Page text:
Substantial Completion: What Owners and Electrical Contractors Should Know
Substantial completion means that a project or portion of a project has reached a level of completion that is fit for its intended use. While this is applicable to every industry and contractor, its significance is higher for an electrical contractor in Utah because substantial completion for electrical projects can be much later in the project timeline than other portions of a project.
What Is Substantial Completion?
Once substantial completion is reached, the building, structure, or the electrical infrastructure being installed is ready for use. There may still be some tweaks or adjustments to make, but they are generally less geared toward functionality at this point.
It is important to note that substantial completion does not require a standard level of operating efficiency, but if the client wishes, they can start using the electrical infrastructure without any major issues.
Considering all the safety regulations revolving around electrical installations and electrical contractors, this stage tends to be later in the process. This is because the final breaker is turned on only after all the code requirements and contract document requirements are fulfilled. Otherwise, turning the system on could be a question of both functionality and safety.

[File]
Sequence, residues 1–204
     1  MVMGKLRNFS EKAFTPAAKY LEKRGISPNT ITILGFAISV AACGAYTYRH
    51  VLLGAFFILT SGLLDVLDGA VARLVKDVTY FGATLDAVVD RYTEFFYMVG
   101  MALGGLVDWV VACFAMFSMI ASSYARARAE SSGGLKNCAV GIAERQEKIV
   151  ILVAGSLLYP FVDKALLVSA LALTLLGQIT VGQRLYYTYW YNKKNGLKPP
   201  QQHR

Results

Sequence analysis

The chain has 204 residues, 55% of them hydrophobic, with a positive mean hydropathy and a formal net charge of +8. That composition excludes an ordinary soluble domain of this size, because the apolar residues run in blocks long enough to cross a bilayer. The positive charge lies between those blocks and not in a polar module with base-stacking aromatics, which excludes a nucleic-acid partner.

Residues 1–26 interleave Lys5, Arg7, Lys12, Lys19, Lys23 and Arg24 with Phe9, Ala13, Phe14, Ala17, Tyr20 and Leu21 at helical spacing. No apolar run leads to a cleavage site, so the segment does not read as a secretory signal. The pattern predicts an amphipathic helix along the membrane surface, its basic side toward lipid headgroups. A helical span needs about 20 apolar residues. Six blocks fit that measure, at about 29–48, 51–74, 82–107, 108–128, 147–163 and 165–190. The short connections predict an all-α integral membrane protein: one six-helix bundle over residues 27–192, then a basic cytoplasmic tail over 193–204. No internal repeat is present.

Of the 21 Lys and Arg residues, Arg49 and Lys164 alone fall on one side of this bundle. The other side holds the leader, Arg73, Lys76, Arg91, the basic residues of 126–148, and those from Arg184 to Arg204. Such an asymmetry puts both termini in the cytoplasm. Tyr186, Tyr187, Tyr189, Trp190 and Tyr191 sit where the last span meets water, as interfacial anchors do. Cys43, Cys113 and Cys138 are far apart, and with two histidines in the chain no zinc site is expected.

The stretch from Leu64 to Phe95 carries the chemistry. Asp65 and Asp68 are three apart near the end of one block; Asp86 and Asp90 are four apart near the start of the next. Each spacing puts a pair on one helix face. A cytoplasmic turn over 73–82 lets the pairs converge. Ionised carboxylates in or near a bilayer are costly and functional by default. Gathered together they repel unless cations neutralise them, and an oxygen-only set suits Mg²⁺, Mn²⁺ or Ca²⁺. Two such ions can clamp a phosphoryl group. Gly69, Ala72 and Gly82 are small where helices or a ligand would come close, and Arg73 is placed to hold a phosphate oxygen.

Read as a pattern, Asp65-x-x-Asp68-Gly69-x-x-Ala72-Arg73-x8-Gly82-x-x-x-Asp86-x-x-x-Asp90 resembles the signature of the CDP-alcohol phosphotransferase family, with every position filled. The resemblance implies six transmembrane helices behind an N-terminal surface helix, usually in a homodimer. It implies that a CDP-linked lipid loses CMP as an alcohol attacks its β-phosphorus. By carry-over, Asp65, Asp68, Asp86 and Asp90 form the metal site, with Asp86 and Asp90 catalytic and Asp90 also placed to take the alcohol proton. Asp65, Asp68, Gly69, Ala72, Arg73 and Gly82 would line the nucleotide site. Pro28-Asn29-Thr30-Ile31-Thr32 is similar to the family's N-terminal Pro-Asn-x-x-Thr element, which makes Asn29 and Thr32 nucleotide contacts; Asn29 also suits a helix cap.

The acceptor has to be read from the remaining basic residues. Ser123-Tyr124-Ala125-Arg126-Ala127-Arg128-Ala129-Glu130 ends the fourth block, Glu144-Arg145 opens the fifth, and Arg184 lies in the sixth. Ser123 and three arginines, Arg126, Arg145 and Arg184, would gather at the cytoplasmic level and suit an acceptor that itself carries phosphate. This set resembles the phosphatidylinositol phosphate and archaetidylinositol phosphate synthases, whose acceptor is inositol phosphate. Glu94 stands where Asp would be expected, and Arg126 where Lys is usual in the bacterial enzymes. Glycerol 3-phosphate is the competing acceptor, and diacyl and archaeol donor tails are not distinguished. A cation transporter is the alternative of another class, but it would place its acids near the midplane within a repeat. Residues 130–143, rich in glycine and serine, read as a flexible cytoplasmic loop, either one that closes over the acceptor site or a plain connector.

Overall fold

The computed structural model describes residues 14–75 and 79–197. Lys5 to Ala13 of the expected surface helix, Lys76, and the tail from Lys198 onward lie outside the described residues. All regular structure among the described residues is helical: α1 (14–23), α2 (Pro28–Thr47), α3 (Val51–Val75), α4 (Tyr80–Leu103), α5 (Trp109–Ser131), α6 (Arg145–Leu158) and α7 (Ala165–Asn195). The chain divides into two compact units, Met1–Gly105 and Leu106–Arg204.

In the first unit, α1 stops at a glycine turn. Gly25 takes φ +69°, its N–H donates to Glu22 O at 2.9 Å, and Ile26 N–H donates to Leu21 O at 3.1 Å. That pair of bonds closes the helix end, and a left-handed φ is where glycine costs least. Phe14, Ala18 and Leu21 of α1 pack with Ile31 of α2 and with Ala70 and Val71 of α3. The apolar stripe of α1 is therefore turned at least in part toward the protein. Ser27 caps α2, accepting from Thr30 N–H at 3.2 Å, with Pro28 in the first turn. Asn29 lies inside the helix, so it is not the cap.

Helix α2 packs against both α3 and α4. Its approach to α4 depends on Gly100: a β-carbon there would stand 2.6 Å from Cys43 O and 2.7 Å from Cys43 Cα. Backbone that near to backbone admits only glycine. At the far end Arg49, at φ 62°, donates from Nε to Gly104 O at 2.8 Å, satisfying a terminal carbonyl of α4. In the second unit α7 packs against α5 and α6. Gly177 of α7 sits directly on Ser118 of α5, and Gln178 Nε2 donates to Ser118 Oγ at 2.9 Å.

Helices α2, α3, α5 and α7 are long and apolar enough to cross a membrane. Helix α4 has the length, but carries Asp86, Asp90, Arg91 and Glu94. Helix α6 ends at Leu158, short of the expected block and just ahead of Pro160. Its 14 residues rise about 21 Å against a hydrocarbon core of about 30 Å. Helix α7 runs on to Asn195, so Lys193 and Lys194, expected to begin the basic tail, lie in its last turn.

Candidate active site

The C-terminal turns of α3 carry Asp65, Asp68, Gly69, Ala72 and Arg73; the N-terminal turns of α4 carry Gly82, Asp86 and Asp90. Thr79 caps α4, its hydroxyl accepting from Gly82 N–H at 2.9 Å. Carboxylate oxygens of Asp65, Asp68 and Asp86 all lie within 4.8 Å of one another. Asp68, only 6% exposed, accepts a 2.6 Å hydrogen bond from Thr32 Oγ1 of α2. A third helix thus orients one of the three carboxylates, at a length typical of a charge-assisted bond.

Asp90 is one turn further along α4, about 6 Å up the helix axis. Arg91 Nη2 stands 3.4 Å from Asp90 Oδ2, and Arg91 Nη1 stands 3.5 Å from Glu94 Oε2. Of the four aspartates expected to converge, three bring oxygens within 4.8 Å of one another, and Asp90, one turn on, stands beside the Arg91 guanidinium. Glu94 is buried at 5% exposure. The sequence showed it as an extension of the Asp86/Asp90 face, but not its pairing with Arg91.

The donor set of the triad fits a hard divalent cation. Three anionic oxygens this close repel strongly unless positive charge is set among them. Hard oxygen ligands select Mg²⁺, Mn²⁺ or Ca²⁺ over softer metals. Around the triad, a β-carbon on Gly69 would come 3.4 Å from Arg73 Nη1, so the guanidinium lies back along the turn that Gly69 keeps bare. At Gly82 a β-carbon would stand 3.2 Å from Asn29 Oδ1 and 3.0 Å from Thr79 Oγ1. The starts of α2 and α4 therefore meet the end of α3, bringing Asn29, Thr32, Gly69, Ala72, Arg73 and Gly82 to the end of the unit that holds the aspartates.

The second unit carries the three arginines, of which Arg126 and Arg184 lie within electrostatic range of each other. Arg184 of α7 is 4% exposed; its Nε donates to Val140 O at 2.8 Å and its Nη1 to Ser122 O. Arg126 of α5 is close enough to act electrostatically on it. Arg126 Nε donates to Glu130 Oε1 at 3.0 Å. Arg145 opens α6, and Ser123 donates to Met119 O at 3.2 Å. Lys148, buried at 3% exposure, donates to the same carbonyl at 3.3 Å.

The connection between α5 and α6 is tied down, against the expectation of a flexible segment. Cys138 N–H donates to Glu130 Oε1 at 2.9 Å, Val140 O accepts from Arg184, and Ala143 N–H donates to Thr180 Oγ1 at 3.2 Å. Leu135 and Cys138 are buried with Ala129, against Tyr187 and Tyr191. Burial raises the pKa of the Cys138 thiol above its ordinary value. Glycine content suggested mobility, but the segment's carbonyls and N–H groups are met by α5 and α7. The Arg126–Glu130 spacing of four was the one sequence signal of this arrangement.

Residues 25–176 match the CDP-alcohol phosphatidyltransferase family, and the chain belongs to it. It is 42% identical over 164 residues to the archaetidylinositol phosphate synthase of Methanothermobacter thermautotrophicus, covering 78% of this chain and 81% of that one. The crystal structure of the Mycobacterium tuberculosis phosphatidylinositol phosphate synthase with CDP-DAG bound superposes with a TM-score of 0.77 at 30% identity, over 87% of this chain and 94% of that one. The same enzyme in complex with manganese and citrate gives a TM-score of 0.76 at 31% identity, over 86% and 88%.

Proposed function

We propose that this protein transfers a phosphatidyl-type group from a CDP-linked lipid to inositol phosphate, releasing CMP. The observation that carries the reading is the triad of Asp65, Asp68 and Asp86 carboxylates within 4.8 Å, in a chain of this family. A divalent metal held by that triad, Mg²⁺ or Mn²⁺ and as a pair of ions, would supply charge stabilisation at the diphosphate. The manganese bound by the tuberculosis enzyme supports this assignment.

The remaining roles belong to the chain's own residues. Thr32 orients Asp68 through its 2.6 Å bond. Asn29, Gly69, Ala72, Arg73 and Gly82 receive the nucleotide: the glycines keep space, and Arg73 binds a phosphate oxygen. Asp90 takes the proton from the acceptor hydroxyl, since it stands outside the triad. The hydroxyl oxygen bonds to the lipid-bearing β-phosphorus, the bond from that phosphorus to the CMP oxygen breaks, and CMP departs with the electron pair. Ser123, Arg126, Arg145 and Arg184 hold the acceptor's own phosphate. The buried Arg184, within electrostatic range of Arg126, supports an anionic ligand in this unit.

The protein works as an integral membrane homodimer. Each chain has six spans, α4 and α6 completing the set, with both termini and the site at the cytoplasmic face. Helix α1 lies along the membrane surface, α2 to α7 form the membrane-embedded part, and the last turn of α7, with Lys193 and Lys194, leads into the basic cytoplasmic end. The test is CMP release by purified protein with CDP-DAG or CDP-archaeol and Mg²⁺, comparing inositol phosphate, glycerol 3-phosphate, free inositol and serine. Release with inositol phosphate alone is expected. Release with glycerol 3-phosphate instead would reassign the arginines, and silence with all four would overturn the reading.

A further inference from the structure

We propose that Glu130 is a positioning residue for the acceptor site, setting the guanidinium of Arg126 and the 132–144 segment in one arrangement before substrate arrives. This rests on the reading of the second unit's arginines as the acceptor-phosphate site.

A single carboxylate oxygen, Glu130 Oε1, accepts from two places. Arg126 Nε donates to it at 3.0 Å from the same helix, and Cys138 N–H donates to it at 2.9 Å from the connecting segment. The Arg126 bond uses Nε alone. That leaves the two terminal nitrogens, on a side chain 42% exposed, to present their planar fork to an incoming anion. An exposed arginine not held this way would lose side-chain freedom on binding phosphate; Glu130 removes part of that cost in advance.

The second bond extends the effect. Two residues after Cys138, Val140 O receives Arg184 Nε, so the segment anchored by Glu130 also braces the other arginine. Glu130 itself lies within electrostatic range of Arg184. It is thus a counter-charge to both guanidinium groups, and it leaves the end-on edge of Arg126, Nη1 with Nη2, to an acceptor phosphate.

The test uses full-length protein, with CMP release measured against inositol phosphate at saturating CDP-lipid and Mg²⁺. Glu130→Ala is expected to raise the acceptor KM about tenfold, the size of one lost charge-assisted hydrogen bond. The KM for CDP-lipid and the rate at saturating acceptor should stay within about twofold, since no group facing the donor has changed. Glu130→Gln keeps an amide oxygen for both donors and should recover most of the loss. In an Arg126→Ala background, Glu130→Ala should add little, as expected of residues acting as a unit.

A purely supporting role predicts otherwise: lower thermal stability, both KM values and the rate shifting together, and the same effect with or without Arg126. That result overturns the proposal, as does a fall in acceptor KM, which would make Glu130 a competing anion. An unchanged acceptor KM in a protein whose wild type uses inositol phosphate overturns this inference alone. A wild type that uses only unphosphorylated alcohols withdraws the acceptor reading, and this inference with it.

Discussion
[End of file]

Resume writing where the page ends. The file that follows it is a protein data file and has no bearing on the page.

Substantial Completion Is a Legal Term
When a project contract is being signed (other than for maintenance), a checklist may be included in the document that designates the substantial completion milestone and time frame that the client expects this milestone to be achieved. Of course, this milestone is would be determined after consulting with the service provider.
The owner can legally withhold a portion of the payment (as agreed) until the work necessary for substantial completion has been achieved. The portion withheld until substantial completion would be released upon meeting the requirements, at which point the remaining work would be scheduled.
Usually, the substantial completion agreement indicates:
- Relevant warranties, including when they begin, and when they end.
- Any statutes of limitation on the electrical service provided.
- Any considerations for the transference of insurance and utility liabilities
There is no hard and fast rule for determining substantial completion. It is always done with respect to the requirements of each project. In the case of electrical contractors, it involves analyzing how much work needs to be done, the resources needed, any Code requirements, and finally, how much ‘cushion’ the contractor needs (or the owner can afford).
Substantial completion is an important concept for Utah electrical contractors, especially if there are time constraints set on the project. If you have a project that you need to get operational quickly, Skyline Electric is here to help! Get in contact with us today, and let us help you to get your project going.